[home][about][contact] [getting involved] [Educational][Academic] [Media Watch][Views]
US faces sanctions dilemma in East Asia
The ongoing struggle between the United States and Iran over Tehran's nuclear program continues to affect countries in East Asia. Reinforced sanctions from the US, initiated at the end of June, threaten to punish countries that have deviated from Washington's efforts to completely isolate Tehran from the global oil market. This constitutes a major problem for countries in Northeast Asia that import significant portions of their crude oil from Iran.
In particular, both South Korea and Japan clearly recognize Iranian oil as indispensable to their economies, creating an awkward conflict of interests. Despite their relationship and alignment with the United States, Seoul and Tokyo have respectively taken different steps to bypass the sanctions and forestall punitive chastisement from Washington. As noted in an earlier article (see East Asian energy dilemma over Iran, Asia Times Online, January 24, 2012), the sanctions on Iran not only force two of Washington's closest allies to re-evaluate their relationship with the US, but also weaken attempts to denuclearize Iran.
The Barack Obama administration appears heavily invested in finishing what its predecessor began, forcing Iran to surrender its nuclear program by "going directly at their revenue". Even before the enforcement of the most recent sanctions, sources from Iran admitted that oil exports had declined in the span of a year to about 1.5 million barrels per day (bpd) from about 2.5 million. 
However, these harsh losses were not enough for Tehran to concede, which led Washington to assume that more sweeping sanctions had to be enforced, especially ones targeting the market for Iranian oil in East Asia.
East Asia had already begun to reduce imports from Iran. In May alone, South Korea, Japan, China and India had cut imports by 25%, bringing imports down to 999,230 bpd compared with 1,338,193 bpd a year earlier.  Nonetheless, Washington wanted more punitive economic measures to be undertaken against Iran. By fostering enough insecurity around Iranian exports, the US believes it can achieve its goal of isolating Iran without directly forcing states to participate in the sanctions regime.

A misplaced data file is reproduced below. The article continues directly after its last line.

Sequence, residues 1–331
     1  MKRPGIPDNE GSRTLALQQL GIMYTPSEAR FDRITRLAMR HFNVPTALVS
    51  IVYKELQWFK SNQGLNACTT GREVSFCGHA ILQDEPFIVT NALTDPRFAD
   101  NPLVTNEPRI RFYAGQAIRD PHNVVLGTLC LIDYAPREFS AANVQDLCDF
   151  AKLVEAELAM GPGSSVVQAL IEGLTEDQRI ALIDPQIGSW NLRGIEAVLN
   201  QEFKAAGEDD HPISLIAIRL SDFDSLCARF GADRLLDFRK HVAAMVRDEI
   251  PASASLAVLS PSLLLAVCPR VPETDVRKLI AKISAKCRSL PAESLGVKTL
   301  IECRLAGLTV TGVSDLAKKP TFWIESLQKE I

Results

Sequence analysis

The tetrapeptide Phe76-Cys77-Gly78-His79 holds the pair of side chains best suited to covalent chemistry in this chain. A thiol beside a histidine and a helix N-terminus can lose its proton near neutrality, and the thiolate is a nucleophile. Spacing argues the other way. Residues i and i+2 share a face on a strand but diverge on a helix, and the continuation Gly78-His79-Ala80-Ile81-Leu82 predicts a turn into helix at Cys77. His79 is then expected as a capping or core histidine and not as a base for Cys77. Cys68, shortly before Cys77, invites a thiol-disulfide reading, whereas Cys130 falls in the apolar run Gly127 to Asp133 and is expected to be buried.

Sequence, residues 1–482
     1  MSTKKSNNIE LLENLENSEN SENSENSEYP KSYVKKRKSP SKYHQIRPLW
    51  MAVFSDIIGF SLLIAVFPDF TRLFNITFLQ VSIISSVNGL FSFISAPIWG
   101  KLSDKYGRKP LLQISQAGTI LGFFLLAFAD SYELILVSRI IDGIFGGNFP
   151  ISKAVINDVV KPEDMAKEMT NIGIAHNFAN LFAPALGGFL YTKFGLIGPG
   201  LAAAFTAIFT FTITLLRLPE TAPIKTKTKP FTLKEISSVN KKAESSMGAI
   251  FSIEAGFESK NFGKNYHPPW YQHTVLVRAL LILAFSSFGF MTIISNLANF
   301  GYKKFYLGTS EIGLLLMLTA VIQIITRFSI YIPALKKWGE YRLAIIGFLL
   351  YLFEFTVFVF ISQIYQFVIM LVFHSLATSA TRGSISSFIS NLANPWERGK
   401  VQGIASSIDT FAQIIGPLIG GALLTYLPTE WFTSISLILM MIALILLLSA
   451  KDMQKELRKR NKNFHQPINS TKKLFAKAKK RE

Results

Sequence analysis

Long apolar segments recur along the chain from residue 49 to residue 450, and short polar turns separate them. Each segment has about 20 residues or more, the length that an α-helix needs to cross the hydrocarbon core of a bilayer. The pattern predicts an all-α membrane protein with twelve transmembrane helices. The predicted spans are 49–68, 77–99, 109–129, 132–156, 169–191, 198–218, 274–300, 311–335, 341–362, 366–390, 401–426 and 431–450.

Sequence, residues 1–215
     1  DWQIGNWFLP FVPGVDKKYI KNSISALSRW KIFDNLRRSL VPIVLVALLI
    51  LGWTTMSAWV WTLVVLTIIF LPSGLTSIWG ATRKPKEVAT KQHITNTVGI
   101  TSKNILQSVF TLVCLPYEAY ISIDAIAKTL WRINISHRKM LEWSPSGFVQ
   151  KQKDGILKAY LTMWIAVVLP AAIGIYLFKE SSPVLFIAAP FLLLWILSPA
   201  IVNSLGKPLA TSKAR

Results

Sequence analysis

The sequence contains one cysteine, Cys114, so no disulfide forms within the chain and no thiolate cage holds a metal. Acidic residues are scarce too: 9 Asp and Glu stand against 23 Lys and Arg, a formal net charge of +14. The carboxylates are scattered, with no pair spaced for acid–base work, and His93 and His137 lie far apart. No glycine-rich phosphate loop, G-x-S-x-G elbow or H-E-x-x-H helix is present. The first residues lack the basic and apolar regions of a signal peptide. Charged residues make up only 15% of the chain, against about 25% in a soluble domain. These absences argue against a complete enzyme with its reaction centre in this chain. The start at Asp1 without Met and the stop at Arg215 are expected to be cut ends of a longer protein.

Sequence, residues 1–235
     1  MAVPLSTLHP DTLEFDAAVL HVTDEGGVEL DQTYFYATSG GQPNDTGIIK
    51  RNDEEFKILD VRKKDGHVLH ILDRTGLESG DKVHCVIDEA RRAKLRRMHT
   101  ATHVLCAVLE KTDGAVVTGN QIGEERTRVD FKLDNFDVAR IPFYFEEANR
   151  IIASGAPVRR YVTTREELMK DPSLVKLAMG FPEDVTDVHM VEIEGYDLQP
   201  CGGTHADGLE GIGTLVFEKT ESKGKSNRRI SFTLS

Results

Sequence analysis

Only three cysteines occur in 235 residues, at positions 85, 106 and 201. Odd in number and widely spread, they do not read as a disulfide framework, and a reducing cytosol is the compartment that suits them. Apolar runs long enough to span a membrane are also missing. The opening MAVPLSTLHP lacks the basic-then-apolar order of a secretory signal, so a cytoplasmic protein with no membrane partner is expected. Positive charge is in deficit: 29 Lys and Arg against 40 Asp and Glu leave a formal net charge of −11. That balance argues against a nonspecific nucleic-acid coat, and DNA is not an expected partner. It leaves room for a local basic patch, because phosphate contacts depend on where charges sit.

The South Korean case is revealing. In June, on top of pressure from Washington to import less oil from Iran, South Korea reduced exports to Iran to avoid payment defaults resulting from an overall deficit in the Iranian export market.  Therefore, even if South Korea were not participating in the sanctions regime, a significant loss of faith in Iran's ability to pay for imports would have facilitated Washington's desired objective of isolating Tehran from the international market.
Completely cutting off Iranian oil imports in a short amount of time was out of the question for both Japan and South Korea. Even with the controversial decision to restart its own nuclear power plants, Japan would not have been able to rapidly substitute Iranian oil without major financial loss.
Washington did temporarily exempt both countries from joining the sanctions based on their notable reductions in oil imports since December 2011. While this waiver was permitted, the European Union held steadfast to its decision to block access to tanker insurance starting in July. Without insurance for tankers traversing the high seas, the delivery of crude oil from Iran would have effectively come to a halt. As a result, top Asian purchasers of Iranian oil were forced to continue cutting imports throughout June in preparation for the de facto embargo.